wait for a health worker to come round with a vaccine? What does WHO need to
learn from Coca-Cola, Inc. about distributing first world technologies like
vaccines or soft drinks?
inkwell.vue.223 : Another World is Here
permalink #84 of 200: virtual community or butter? (bumbaugh) Wed 1 Sep 04 20:03
I really like the lists <inkwell.vue.223.68> and <inkwell.vue.223.70>. When
I put them together with some of the other strands here, though, I get the
feeling that building sustainability has to involve "tricking" masses of
people into acting against what they might otherwise take to be their
interests -- for instance making them want the "Nike swoosh" of
sustainability because it's cool.

How do the scenarios convince globally about sustainability without
moralizing about economic justice, loving each other, et cetera?
inkwell.vue.223 : Another World is Here
permalink #85 of 200: Jamais Cascio, WorldChanger (cascio) Wed 1 Sep 04 20:32
I don't think of it as "tricking" anyone, <bumbaugh> -- at least, not any
more than any other kind of marketing. It's memetic engineering. Getting
people to believe that they *want* the artifacts of sustainability doesn't 
mean tricking them, it means convincing them. If the best path to that appears 
to be making sustainability "cool," that's what will be used.

Ultimately, people will adopt these technologies and practices because they 
will be clearly in their best (economic, community, survival) interest to do 
so. Better to start making them appealing now.
inkwell.vue.223 : Another World is Here
permalink #86 of 200: Emily J. Gertz (emilyg) Wed 1 Sep 04 21:05

So, it's kind of like "teaching" people to appreciate modern design objects,
or enjoy yoga, or eat less fat?
inkwell.vue.223 : Another World is Here
permalink #87 of 200: Jon Lebkowsky (jonl) Wed 1 Sep 04 21:21
If I can get Shiraz thru one vein and Dr. Pepper through another, I can
live forever...!

Seriously, we do keep extending life span, but quality of life is another 
matter, and I think it's quality, not duration, that we want to extend. 
And how meaningful is either extension, if we spend those later years 
playing golf or bridge and hanging out? Then again, who's to say what has 

It could be that the way we extend and improve our lives is by passing on 
better and more resilient DNA - and by ensuring tha the planetary 
environment has integrity?
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permalink #88 of 200: Cliff Figallo (fig) Thu 2 Sep 04 10:05
I wonder where the Toyota Prius stands as an example of "cool
sustainability." Will its popularity spread beyond our own snooty
intellectual coastal cultures to the great stubborn American heartland?
(No, I don't really think we're snooty.)

This is another way of asking how resistance to sustainable change is
deeply entrenched in peoples' identities and perceived traditions.
Cheney, for example, is an outdoorsman and a rancher, but he is hardly
a wilderness conservationist. And if half the voting public believes
more in defending America's right to use up resources however it feels
good, rather than adjust lifestyles to be more sustainable, we run up
against that old need for "changing consciousness."

September 11 certainly changed consciousness, but I don't think the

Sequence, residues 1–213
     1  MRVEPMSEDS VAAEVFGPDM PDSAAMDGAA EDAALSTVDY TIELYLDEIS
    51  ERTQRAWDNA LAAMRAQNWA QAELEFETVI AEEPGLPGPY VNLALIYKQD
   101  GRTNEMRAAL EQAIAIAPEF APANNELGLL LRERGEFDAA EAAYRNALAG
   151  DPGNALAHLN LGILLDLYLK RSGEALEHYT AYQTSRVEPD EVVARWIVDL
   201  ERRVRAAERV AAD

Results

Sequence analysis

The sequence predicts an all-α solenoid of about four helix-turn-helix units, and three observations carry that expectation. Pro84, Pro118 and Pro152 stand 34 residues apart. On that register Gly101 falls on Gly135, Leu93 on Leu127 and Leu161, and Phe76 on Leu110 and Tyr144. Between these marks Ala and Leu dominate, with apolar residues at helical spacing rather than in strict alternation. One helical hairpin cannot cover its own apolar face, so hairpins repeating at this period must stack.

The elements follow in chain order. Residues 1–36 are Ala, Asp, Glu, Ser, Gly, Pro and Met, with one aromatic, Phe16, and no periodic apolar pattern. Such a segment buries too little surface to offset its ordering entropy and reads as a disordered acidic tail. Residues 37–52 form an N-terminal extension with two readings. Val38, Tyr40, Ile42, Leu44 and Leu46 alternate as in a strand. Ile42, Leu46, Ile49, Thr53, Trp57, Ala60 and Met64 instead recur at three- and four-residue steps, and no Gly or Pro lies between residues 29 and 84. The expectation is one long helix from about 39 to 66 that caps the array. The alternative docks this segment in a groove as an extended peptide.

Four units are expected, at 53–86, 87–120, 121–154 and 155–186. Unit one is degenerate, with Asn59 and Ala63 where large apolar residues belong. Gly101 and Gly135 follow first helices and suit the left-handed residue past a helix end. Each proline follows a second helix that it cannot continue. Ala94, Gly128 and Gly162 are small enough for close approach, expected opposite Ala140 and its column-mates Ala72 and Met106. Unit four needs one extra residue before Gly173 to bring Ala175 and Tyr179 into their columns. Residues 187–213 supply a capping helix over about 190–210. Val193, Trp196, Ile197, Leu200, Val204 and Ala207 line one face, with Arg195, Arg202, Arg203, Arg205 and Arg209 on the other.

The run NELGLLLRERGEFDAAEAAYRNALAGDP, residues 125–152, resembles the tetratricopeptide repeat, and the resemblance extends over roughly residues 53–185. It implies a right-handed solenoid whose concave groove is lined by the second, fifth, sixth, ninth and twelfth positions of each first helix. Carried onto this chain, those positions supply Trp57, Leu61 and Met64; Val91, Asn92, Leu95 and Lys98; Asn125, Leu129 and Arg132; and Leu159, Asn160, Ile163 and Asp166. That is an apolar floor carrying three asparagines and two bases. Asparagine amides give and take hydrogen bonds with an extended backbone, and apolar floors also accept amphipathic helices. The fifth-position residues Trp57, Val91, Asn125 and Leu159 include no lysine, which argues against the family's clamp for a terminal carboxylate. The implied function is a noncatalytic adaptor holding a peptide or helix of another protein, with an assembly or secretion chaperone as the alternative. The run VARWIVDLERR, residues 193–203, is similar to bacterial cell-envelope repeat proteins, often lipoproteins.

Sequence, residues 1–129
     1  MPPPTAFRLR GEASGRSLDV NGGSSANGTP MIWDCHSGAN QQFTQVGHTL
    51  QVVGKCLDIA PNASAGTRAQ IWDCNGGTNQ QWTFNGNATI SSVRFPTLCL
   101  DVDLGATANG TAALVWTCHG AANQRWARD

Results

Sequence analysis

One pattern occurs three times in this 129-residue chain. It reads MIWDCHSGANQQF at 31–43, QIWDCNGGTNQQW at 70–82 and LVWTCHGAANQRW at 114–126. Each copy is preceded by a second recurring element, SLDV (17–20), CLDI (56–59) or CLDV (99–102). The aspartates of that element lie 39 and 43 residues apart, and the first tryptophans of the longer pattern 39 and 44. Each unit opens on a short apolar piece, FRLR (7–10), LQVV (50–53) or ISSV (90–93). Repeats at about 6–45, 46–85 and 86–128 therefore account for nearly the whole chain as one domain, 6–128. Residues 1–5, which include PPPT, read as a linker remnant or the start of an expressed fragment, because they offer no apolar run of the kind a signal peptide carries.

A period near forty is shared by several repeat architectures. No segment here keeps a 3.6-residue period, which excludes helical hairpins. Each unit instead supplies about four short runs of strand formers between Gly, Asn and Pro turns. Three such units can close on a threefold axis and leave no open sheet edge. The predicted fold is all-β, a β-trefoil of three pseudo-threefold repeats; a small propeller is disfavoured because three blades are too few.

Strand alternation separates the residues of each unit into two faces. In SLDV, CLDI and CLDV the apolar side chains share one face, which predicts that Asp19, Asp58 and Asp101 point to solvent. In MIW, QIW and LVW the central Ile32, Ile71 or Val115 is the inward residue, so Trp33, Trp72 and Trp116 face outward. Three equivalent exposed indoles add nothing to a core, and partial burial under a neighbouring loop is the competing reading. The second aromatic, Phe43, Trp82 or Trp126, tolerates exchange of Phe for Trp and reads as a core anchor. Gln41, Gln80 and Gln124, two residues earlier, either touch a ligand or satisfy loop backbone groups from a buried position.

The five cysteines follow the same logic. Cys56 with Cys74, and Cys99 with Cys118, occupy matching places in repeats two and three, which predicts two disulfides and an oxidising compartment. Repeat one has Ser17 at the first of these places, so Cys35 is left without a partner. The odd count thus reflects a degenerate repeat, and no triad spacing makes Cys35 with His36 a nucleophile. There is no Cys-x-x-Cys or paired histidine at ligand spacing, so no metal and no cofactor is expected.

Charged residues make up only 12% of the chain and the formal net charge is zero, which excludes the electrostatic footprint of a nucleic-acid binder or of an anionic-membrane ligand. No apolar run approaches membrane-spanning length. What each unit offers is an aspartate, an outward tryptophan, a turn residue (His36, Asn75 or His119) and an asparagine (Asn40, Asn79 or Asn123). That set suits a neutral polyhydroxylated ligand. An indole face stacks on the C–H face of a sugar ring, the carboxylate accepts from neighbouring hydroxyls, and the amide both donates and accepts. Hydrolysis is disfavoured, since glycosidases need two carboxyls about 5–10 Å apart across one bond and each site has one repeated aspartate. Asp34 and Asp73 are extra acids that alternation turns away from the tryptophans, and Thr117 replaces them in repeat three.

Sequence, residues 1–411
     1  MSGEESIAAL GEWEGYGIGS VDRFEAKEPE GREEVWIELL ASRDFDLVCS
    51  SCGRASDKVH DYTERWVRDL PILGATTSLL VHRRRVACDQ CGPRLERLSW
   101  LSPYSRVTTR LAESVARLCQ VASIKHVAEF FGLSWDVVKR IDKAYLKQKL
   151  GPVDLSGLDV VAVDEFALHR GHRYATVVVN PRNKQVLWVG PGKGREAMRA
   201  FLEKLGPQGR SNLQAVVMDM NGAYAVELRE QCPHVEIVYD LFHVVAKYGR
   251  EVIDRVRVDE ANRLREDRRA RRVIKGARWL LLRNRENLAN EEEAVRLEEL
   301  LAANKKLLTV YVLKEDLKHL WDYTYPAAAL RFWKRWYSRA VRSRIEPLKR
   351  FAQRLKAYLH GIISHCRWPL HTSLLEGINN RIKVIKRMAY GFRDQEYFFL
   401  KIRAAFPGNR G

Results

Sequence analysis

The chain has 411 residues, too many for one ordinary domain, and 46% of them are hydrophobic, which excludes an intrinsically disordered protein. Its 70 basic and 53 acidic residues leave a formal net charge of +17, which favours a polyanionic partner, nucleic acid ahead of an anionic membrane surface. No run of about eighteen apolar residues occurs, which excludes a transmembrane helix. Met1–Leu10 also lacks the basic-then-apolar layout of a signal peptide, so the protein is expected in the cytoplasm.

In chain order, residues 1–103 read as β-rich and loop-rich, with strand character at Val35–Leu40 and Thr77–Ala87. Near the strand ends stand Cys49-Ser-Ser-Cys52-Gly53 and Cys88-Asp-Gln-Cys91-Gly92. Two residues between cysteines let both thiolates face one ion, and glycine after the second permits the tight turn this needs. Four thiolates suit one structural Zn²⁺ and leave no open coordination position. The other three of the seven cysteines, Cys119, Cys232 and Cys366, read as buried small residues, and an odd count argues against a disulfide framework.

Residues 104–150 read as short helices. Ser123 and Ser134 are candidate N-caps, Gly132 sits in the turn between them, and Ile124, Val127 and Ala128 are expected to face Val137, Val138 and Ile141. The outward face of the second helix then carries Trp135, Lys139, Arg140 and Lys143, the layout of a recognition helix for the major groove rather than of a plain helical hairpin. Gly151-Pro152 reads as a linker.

important message was really received by most Americans. We are no less
dependent on foreign oil, for example, and we're not doing much to
reach that status.

It seems like imaginative technology (e.g the Prius) helps, but unless
imaginative politics works, the stubborn will limit the future.
inkwell.vue.223 : Another World is Here
permalink #89 of 200: Taran Rampersad (taranrampersad) Thu 2 Sep 04 10:42
As I write this from St. Lucia, killing time until my flight back to
Trinidad and Tobago - and after being a part of a really super-cool
conference ( ) - I have to make a few comments.

First and foremost, there is a world outside of the United States -
and the United States appears to be very introspective as a culture
after September 11th - but as Cliff and others have pointed out a few
times, the introspection has not really come to concrete results.

Perhaps it's time to become extraspective.

We Americans (for I am one, and a dual citizen, my perspective dances
between foreign and domestic) have a tendency to only accept our own
opinions on many topics because we are, in fact, experts on many of the
topics. After all, we created them. But this tendency creates
unnecessary friction with the rest of the world. 

It was common to hear at this conference that there is a lot of
American culture being beamed into the Caribbean by satellite, but -
does the presence of the Caribbean's culture itself make any impact on
the people of the United States other than providing exotic
destinations where you can lie in the sun, enjoy the ocean and have
little drinks with umbrellas in them?

The answer is that the Caribbean does have an impact on the United
States other than tourism, but the average American does not know - or
seem to care. This works well for the tourist trade in the Caribbean,
but it also alienates the cultures in many ways. Perhaps it is time for
the United States to do more listening than talking in this regard. 

Will it solve anything? No, but it may help find out what the problems
actually are. As it is, there is a perception of the United States
that it is a lumbering giant that cannot hear, cannot see, but
certainly has a lot to say in a voice that cannot whisper. I suppose
that if this is the perception that the United States wants, perhaps it
is on the right route.

On the point of making 'good things attractive' - I agree. But there
are contexts to good, and it requires knowledge of a culture to use the
right context. Marketing information is probably the best tool for
this, but marketing information itself is not passive.